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Downtown

So much for a dark season

I OD'd on Ashland this week. So if you see the dark circles — under my eyes, at least you'll know the drug of choice.

I often say that Ashland is a lot like falling down the — rabbit hole. This week, I blissfully plummeted, which served to remind — me, as it should everyone around here, that things are picking up around — town.

Our so-called downtime is over, and if you ask me, it — was anything but down.

Dark season?

As I look back over the past dark season, I wonder if — I blinked and missed it? Sure, the festival closed in early November, — but the Festival of Light was just around the corner. Downtown Ashland — in December: Priceless. Often I was out wandering around, going to restaurants, — seeing plays or bumping into friends on the street. Not much slow in December.

If February was slow, I definitely didn't notice it. All — the off-season plans I made - tax preparation, landscape at home, finishing — painting the walls, clean the garage - weren't even a glimmer in my eye — throughout the month.

That's why this week was like a bullhorn blast to the — ear. The supposed down time, is like dust in the wind, the events of this — week wrote across the script of my brain in blocky black 80-point letters. — Hold on to your parking spaces, because things are heating up again.

So much to do

A little thing like opening weekend at Oregon Shakespeare — Festival passed and I was too scheduled to see any plays.

Thursday night I got lost in Ashland for the first time. — I didn't know it was possible, but I couldn't find the one building where — Fred Stockwell was showing an aerial slide show of the Rogue Valley. I — visited the Grove, the civic center, the armory and the community center — to no avail before heading home. Little did I know it would be my earliest — night for days.

Friday, work had piled up. Any hope of a restful weekend — would be a mirage if I didn't work late. A time-sensitive business appointment — that couldn't be scheduled at any other time, was penciled in for 8 p.m. — That meant the attempt at a brief spontaneous after-work drink at Alex's — with friends didn't start until 10 p.m. Drinks turned to appetizers, which — turned to late night dinner and a $150 tab that didn't get paid until — after midnight. The day that started at 5 a.m. ended 20 hours later.

Saturday was the one "restful" day. Breakfast with the — daughter, home from college and a dinner date with new friends were the — only items on the agenda. Both were put there nearly a month before.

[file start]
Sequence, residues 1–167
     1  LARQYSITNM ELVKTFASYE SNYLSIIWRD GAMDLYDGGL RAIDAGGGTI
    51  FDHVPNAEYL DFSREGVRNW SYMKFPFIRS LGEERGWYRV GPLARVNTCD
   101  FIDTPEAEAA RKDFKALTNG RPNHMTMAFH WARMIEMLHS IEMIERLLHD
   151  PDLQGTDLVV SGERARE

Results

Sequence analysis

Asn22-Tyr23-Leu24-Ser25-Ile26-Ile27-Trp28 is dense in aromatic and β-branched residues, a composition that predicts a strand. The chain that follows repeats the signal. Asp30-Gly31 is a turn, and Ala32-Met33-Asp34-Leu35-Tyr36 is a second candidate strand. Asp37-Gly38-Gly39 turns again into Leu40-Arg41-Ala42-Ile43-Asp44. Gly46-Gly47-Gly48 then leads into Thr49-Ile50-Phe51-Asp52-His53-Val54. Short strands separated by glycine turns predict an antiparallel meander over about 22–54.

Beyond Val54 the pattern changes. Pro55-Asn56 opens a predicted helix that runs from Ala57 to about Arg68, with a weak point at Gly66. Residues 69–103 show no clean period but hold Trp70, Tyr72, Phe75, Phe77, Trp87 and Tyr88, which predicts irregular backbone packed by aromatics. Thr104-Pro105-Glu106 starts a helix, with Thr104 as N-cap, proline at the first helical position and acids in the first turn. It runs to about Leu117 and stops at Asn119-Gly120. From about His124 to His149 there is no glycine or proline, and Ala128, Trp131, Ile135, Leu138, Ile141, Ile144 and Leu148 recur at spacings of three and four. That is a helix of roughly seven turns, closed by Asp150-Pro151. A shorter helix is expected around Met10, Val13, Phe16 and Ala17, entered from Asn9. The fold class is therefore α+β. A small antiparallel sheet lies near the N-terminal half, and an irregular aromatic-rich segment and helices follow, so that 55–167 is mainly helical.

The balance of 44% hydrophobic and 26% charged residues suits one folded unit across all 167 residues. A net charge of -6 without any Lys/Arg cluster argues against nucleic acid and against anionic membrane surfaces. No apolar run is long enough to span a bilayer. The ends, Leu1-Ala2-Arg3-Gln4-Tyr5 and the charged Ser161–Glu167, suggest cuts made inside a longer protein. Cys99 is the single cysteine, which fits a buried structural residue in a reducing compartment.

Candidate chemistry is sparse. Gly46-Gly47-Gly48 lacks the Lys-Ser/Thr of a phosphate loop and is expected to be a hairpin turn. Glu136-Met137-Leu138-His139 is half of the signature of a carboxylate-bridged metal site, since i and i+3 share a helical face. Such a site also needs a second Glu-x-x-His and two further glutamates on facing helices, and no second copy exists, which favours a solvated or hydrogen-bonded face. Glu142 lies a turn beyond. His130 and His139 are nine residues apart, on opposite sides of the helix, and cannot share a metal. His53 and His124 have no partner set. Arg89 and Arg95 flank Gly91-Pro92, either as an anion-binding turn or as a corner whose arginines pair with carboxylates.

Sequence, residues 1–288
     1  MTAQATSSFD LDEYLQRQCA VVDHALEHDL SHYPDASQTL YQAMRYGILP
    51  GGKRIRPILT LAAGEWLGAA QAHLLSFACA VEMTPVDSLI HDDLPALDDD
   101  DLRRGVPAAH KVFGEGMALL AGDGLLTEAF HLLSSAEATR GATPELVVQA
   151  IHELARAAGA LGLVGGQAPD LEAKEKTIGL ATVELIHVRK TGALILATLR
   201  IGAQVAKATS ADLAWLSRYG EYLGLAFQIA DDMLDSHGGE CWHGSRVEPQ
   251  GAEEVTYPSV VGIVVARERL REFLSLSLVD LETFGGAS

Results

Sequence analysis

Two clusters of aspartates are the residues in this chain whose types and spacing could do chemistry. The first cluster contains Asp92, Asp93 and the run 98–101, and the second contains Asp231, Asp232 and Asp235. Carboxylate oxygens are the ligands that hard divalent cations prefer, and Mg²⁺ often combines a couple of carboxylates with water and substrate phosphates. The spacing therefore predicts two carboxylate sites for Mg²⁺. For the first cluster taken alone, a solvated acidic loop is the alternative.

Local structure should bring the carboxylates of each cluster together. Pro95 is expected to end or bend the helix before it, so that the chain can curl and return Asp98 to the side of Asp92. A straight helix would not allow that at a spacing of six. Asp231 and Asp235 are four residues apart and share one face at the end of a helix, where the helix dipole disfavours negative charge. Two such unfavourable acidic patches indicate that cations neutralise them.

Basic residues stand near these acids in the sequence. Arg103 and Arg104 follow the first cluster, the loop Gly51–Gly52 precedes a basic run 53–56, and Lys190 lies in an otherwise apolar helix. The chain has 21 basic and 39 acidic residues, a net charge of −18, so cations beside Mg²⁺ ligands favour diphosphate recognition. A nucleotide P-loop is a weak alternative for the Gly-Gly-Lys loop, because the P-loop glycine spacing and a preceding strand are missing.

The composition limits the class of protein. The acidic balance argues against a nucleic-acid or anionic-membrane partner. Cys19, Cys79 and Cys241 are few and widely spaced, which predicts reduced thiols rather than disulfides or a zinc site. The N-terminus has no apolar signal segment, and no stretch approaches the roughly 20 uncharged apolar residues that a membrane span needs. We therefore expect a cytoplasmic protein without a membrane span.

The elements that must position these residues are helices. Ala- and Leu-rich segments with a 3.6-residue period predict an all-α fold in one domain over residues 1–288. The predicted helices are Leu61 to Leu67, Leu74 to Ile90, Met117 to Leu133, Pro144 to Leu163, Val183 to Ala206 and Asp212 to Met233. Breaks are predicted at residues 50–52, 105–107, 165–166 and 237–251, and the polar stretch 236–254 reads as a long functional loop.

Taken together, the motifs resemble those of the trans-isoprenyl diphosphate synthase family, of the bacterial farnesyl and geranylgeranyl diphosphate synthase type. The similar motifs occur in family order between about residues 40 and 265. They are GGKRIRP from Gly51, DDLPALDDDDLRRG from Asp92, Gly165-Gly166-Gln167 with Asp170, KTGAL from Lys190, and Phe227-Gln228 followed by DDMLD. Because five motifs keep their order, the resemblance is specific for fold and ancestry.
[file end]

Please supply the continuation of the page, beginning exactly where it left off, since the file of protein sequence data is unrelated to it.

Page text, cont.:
With exhaustion weighing, we passed on the baroque concert — opting for one quick night cap and a rare chance to turn in early. But — the nightcap turned into an impromptu outing with yet another set of friends. — An unexpected two-fer. Great fun. Long night.

Even the deity couldn't enforce the day of rest as the — alarm rang on Sabbath morn just after dawn. We had been enlisted to help — at the Standing Stone Master's Classic with it's 8 a.m. start time for — volunteers.

A stiff wind greeted us. Head bowed, we bolted for the — lodge to prepare for our service as finish race timers.

Sitting in the snow, under a sharp winter chill brings — visions of down comforters in heated houses. But the energy of the race — was fun to watch -the bonding, sense of community and vitality among those — who braved the conditions to enjoy the mountain. It would be nice if something — so fun and community-oriented as a non-profit ski area would be a source — of pride, not division, within our community. Despite the weather, for — the people on this mountain, on this day, it's the only place to be.

We leave before the awards festivities to attend the sold — out Ashland Independent Film Academy Award party/fundraiser. The party — buzzed with excitement as the stars walked the red carpet on 30-foot screens — in the Historic Ashland Armory Sunday night. For one of the first times — in many silent auctions, I am a winner - taking home a reserve Pinot for — the library.

After the party ends, the alarm is set for 4:30 a.m. and — the day of rest is gone, but the full schedule is not.

Not over yet —

After long days of work Monday and Tuesday, including — another 8 p.m. meeting Monday night, I attend the opening night of Southern — Oregon University's First Amendment Forum. The topic pits librarians against — the FBI in a first amendment debate of rights under the age of the Patriot — Act. It's an unlikely pairing, but one that nevertheless has some in the — crowd worked up.

One woman, a Muslim who says she is a friend of former — Ashland resident Pete Seda, asks if she is endangering herself by researching — the case, or even writing about her friend. Special Agent in Charge Robert — Jordan tells her that if any agents knock on her door, to give them his — card. She won't be bothered, he tells her, much to her relief.

On the topic of the FBI's role in these modern times, — Jordan is equally candid.

"I know that all of law enforcement underwent a sea change — after 9/11," he said. "We are still trying to respond to what the public — wants."

The alarm is set again. First Friday is coming in less — than 48 hours. A lineup of interesting plays need to be seen and new menus — to be sampled, never mind the weeds growing taller than my kids and the — looming meeting with the tax account on the horizon.

I OD'd on Ashland this week and I'd strongly recommend — it.